a:7:{s:8:”location”;a:1:{i:0;a:1:{i:0;a:3:{s:5:”param”;s:12:”options_page”;s:8:”operator”;s:2:”==”;s:5:”value”;s:13:”popup-options”;}}}s:8:”position”;s:6:”normal”;s:5:”style”;s:7:”default”;s:15:”label_placement”;s:3:”top”;s:21:”instruction_placement”;s:5:”label”;s:14:”hide_on_screen”;s:0:””;s:11:”description”;s:32:”Custom fields for Popup settings”;}

Happy Christmas from the Maier team

Old Power vs New Power

Yes, the Oscar season is upon us


Normally we don’t like to gush, but as we’re still in the awards season we thought it was OK, you know, just this once… And if there was ever an Oscar for ‘Transforming Sticky Labels into an Art Form’ (you mean there isn’t?) in our opinion a rather unique manufacturing company we work with would simply run away with it.

Manufacturing brilliance



Karyn Maier on ‘Silos’

What makes for an innovative working culture?

Big idea

A ‘culture of innovation’; an ambition that resonates with many leaders, particularly those undergoing transformational change within their organisation.

So, what are the perceived ingredients of an innovative culture and why is it such an important area for businesses to explore and nurture?

Chicken or Egg…

‘‘Culture is the net effect of shared behaviours, and therefore adopting innovative behaviours must come first. You change the culture by becoming more innovative — not the other way around.”

[/av_testimonials] On one side of the debate in a strategy & business article, Shelton describes a culture of innovation as ‘one that will encourage employees to take risks that lead to breakthrough products.’ Whilst it’s fair to say that a customer-focussed approach is key it’s important to not discount other areas of business that have the potential for innovative thinking and action. Wunker’s 2015 article emphasises the importance of mapping out these potential ‘innovation arenas’:

“By highlighting the different arenas in which employees can be involved with innovation, companies can help employees add value in areas where they have deep knowledge and a desire to get involved.”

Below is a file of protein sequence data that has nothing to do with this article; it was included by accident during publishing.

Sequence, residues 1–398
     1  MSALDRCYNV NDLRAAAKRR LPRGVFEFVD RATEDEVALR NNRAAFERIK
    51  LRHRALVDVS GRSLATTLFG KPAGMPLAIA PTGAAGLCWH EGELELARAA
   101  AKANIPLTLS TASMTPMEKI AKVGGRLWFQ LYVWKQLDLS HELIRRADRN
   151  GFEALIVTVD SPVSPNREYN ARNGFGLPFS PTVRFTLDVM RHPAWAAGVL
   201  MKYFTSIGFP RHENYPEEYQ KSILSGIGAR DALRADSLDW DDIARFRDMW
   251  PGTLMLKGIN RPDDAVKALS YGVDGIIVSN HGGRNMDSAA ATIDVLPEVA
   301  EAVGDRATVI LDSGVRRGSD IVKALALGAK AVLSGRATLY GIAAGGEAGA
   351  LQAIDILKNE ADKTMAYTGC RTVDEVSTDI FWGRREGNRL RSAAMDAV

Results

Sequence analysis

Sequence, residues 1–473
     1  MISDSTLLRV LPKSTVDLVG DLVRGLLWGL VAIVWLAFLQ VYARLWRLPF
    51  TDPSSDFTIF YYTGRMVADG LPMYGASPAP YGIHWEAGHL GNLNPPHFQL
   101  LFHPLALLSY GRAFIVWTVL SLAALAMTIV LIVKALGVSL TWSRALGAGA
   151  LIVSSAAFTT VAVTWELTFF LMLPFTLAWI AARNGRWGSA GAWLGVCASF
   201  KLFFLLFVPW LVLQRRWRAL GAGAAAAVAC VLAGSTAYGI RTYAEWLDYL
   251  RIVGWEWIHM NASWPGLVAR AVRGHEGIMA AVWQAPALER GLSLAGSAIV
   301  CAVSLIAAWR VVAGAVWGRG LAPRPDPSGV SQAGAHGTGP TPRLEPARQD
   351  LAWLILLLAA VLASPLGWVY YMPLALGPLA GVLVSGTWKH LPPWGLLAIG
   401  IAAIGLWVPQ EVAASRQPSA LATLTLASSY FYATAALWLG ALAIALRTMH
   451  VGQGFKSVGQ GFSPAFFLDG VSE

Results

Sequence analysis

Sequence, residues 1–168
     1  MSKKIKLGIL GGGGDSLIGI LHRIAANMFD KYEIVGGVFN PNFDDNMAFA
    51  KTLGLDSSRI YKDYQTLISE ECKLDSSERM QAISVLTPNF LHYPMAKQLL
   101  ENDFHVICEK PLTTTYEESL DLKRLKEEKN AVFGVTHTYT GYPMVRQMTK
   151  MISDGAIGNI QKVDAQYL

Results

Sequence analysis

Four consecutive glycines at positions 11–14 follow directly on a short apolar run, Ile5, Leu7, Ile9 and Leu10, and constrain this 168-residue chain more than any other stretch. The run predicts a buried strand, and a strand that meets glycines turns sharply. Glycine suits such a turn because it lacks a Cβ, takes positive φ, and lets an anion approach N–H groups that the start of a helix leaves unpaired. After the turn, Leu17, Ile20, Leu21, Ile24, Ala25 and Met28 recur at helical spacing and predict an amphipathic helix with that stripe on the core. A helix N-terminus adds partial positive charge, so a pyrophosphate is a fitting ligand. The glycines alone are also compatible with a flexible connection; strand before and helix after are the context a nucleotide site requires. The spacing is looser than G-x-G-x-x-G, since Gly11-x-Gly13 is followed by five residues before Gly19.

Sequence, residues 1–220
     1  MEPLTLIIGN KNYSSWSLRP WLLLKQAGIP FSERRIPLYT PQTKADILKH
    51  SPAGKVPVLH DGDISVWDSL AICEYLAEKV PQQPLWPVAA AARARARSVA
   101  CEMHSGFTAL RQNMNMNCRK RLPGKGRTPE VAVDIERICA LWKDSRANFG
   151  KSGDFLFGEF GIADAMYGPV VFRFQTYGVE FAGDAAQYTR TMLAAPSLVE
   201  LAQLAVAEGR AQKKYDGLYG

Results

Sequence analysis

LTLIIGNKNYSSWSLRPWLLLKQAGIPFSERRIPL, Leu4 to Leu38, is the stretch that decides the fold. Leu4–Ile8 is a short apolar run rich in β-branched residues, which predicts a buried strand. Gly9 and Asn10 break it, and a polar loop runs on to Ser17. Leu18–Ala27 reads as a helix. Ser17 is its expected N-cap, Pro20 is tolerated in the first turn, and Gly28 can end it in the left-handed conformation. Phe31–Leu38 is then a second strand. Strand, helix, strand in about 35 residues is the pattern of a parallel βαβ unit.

Think big – actually small

It’s not just the big ideas that make a difference, more often than not the smallest of changes can have huge impact.

Deval’s Customer Think article sums it up nicely:

“It has often proved a better strategy to try and think of the optimising tweak rather than the game-changing ‘big idea’, even in companies which we see as the quintessential ‘big idea generators’.”

Collaboration is King (or Queen) – ‘innovation is a team sport’

It may come as no surprise to hear that in all of this ‘culture business’ collaboration plays a key role in delivering innovation success. Those of you familiar with our work at Maier will know of our track record in establishing effective collaborative working practices across complex organisations (with great innovation, naturally). However, a recent study by Nielsen suggests that collaboration is but a pipe dream for many organisations due to ‘a striking lack of diversity among the people contributing ideas’.

The study showed that ‘teams of six or more people generated a substantially larger number of unique concept alternatives than teams with fewer people.’ Not exactly rocket science when it’s put that way but why aren’t we considering how you branch out with more boldness and risk taking to really capitalise on the diverse and rich talent across our businesses? No excuses really.

Changing mindsets – ‘the only places you see uncreative people are graveyards’

Mark Brown, Chief Executive of the Dolphin Index – an organisation which helps businesses create innovative workplaces – emphasises the importance of breaking down the misconception that only some people have the ability to be creative. In a recent article he suggests that by making creativity and innovation a core value and part of everyone’s job description, you’re one step closer to shifting a mindset and reinforcing how creativity can be applied to the operational as well as the ‘bigger picture’.

It’s all very well and good introducing a value, but how can you provide the tools to make it accessible? 

Wunder references Autodesk as a great example of an organisation who use innovation workshops to show employees how to ‘create business pitches that highlight the value of their ideas and demonstrate why Autodesk is uniquely positioned to implement the solutions’. A neat way of combining the rhetoric with a good dose of practical reality and application.

Freedom and responsibility – The Netflix Culture

The Netflix slide deck that surprised even its originators in going viral, with viewing rates over 15 million, is another fabulous example of how values link to culture, ambition and innovative day-to-day practices.

“Instead of a culture of blind process adherence we have a culture of creativity and self-discipline, freedom and responsibility”.

With great freedom

Image Source: Peter Cauton –

We’ve been referencing it in many different ways recently to inspire and revolutionise Executive teams’ thinking and aspirations. We tend to not actually use all 124 slides – attention spans you know!!

The secret to effective meetings